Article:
Finding roots in Russia

Shorashim director: We thought it was just about getting Jews out of the Soviet Union – but it’s not.

DORIT GOLENDER, Israeli ambassador to Russia 390 (photo credit: Courtesy Shorashim)
DORIT GOLENDER, Israeli ambassador to Russia 390
(photo credit: Courtesy Shorashim)
MOSCOW – The people behind the Israeli organization Shorashim are a cross between bespeckled librarians and Jewish Indiana Jones: No far-flung Ukrainian village is too remote, no archives are too dusty to find a long-forgotten document. They are scrambling against time, the enemy that is slowly erasing the past.
The six-year-old Shorashim organization traffics not in priceless antiques, but in proving Jewish identities to the Rabbinate, Israel’s religious governing body. After the fall of the Soviet Union, 1.1 million Soviet Jews immigrated to Israel under the Law of Return, which requires just one Jewish grandparent on either side in order to be considered Jewish.
Jewish law, however, traces Jewish identity through the mother’s lineage only.
Approximately 320,000 of the émigrés are practicing non-Jews who have no desire to change their status to Jewish. But a large part of the remaining 700,000 identifies as Jewish.
Most never realize there is any doubt about their Jewish identity until they are required to provide documentation to the Rabbinate at two points in their life: when they are married, and when they are buried. Because Jewish identities were hidden or not recorded during the 70 years of communist rule, Soviet Jews have no ketubot (wedding contracts), burial notices from Jewish burial societies or official documents identifying them as Jewish.
Some young couples who get frustrated with the process of proving their Jewish identity in front of the Rabbinical Court give up and marry outside of Israel. This means that if their children want to be recognized as Jewish, the next generation must undergo a long conversion process.
Enter Shorashim. Funded by Jewish Australian billionaire Harry Triguboff, whose parents fled from the former Soviet Union, the organization dedicated a permanent Office for the Clarification of Jewish Status in Moscow on Monday to track down documents and witnesses that confirm Jewish identities. Property manager mogul Triguboff, considered one of Australia’s 10 richest men, previously directed his philanthropy efforts in Israel to large-scale water purifying plants and other large infrastructure projects.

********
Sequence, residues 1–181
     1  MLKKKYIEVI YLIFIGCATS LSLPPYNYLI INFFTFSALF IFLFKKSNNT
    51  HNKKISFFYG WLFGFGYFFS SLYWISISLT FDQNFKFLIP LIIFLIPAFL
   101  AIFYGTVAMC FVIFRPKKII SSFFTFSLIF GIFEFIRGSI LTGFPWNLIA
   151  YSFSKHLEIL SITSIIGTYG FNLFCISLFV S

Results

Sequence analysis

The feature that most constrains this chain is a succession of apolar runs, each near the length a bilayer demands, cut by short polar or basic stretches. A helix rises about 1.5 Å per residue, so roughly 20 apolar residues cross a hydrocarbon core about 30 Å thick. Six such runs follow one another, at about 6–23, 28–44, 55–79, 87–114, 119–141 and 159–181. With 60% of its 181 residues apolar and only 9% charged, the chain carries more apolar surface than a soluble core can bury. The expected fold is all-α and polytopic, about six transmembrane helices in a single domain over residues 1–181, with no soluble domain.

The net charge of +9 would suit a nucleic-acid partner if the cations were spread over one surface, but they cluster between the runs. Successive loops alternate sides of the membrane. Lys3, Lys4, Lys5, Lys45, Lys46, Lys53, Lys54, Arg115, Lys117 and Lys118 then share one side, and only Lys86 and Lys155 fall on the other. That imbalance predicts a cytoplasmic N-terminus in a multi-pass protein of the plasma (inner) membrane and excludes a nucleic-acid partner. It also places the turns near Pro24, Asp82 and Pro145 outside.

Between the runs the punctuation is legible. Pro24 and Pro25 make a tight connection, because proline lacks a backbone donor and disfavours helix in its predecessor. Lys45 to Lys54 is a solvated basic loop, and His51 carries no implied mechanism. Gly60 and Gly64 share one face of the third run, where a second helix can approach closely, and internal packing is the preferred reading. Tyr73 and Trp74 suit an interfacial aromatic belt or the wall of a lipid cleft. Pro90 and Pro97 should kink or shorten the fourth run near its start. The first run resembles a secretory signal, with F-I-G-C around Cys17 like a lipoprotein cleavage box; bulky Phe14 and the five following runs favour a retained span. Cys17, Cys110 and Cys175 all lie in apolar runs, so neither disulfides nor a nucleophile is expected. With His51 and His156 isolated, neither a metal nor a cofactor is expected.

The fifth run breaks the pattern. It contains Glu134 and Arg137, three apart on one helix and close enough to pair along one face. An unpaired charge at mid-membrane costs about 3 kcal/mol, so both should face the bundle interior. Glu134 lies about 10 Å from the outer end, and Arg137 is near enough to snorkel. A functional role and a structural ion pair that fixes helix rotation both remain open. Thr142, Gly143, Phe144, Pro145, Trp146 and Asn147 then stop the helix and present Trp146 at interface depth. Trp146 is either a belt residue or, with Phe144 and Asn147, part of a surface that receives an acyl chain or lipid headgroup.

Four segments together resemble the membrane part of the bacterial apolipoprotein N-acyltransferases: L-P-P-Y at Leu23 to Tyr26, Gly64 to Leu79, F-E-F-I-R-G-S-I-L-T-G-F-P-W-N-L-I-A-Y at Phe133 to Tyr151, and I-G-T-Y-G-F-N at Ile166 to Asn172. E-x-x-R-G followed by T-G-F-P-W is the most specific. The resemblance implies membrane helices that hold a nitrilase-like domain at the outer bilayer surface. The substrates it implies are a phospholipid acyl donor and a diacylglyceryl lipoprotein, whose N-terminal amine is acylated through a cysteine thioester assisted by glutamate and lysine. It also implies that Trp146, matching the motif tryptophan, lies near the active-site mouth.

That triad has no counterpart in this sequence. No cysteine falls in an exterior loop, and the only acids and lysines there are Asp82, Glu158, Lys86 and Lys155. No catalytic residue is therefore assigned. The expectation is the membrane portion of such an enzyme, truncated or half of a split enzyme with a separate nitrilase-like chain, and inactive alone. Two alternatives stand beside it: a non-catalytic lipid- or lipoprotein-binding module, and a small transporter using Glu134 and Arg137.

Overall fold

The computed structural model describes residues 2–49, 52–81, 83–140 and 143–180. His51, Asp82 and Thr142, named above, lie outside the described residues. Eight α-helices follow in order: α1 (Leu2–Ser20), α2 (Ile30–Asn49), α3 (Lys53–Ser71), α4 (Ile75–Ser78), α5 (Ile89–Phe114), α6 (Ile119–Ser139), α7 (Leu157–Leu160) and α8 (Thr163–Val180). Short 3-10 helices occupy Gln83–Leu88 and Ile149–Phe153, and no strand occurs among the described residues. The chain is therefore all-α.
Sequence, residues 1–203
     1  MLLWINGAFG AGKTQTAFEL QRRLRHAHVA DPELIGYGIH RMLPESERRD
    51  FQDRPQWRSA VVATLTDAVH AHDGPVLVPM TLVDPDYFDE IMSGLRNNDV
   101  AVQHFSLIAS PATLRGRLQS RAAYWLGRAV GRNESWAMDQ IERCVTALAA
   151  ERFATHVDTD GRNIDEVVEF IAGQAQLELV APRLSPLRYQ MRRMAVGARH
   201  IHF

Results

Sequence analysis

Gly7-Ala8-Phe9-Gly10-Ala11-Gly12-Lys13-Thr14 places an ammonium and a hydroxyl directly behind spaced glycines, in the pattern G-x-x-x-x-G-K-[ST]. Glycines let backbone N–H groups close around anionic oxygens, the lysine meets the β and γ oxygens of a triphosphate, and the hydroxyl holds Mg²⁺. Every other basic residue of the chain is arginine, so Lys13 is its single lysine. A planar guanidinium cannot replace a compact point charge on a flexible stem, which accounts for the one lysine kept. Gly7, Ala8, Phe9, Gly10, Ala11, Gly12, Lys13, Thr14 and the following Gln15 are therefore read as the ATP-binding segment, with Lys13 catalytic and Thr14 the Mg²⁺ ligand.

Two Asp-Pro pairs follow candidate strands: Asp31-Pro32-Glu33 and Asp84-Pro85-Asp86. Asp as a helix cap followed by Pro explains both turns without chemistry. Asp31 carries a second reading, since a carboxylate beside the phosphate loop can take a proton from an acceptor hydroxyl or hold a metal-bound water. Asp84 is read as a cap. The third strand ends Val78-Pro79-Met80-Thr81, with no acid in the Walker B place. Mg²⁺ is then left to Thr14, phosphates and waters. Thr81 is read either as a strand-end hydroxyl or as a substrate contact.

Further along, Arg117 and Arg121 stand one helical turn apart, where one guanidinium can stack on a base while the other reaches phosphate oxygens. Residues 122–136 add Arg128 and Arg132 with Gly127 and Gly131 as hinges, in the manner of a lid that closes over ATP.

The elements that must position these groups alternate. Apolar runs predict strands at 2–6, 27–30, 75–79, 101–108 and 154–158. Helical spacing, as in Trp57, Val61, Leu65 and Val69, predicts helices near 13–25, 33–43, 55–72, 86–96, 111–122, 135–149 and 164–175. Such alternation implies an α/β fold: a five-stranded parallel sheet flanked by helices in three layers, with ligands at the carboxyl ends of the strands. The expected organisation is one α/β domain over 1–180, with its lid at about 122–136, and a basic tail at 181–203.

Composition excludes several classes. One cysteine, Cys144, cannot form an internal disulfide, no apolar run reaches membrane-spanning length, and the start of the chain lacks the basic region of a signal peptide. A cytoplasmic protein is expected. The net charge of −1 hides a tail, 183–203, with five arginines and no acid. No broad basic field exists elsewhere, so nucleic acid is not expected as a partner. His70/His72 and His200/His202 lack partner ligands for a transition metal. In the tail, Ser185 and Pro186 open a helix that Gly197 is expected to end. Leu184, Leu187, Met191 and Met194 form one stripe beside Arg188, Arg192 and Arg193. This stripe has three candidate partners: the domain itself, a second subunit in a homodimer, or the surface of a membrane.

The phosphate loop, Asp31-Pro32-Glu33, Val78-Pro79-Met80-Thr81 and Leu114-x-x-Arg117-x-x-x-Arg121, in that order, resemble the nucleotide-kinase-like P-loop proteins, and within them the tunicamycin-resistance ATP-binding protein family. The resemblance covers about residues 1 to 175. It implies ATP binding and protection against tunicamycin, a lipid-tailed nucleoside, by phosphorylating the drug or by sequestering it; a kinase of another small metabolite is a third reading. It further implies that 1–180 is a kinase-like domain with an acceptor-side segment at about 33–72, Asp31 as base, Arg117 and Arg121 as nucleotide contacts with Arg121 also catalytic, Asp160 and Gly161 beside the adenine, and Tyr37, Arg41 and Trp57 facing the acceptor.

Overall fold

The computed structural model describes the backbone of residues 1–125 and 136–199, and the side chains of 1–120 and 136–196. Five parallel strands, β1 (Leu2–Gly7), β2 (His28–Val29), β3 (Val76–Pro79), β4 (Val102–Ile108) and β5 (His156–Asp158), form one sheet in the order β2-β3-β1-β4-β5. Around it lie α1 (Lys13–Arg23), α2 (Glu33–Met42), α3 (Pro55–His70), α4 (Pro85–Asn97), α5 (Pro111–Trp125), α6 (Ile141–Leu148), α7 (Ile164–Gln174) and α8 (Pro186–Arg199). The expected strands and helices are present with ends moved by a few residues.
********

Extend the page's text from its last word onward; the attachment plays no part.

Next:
“We did so much to bring [Soviet Jews] here, and now look how we’re treating them, like second-class citizens,” said Shalom Norman, the director of the Harry Triguboff Fund. Norman was also involved in negotiations to bring Jews to Israel in the 1980s and ’90s.
“We thought it was just about getting Jews out of the Soviet Union,” said Rabbi Shimon Har Shalom, the director of Shorashim, who worked in Ukraine for three years as a representative of the Rabbinate. “But actually, it’s not over, now we need to create equality so Soviet Jews can marry anyone and do anything they want.”
Shorashim, which is under the auspices of the Israeli religious freedom activism group Tzohar, is rooted in the ideology that immediate action must be taken to avoid a demographic shift in Israel toward a non-Jewish majority.
Conversion is a long and complicated process. It is also expensive: The state’s annual budget for conversion is NIS 40 million.
Approximately 2,200 people go through the state’s conversion process each year, 800 in the framework of the army – at the cost of more than NIS 18,000 per person.
Proving Jewish identity is a much cheaper alternative. Shorashim has finished more than 2,000 investigations into Jewish identity since they started six years ago. Each investigation can affect up to five people, because the same documents can be used to prove the identity of an entire family. After receiving a request for help, Shorashim combs local archives for old ID papers, birth certificates and death announcements. They interview witnesses, including neighbors or distant family members still living in the country, who can attest to whether or not a family was Jewish. Each investigation is different, but generally, three pieces of evidence are required to prove Jewish identity. Many people come to Shorashim with one document, but need additional evidence.
In more than 80 percent of the cases, Shorashim is able to find enough proof that the Rabbinate confirms the Jewish identity, the organized reported. Shorashim finished 560 investigations in 2011, nearly double the amount as in 2010. The organization distances itself from the politics of the situation – the political infighting of the Rabbinate, the claim that the bureaucratic process of “proof of Jewish identity” is offensive or unnecessary. Instead, it races to gather as much information as possible before witnesses die or bankrupt archives are liquidated.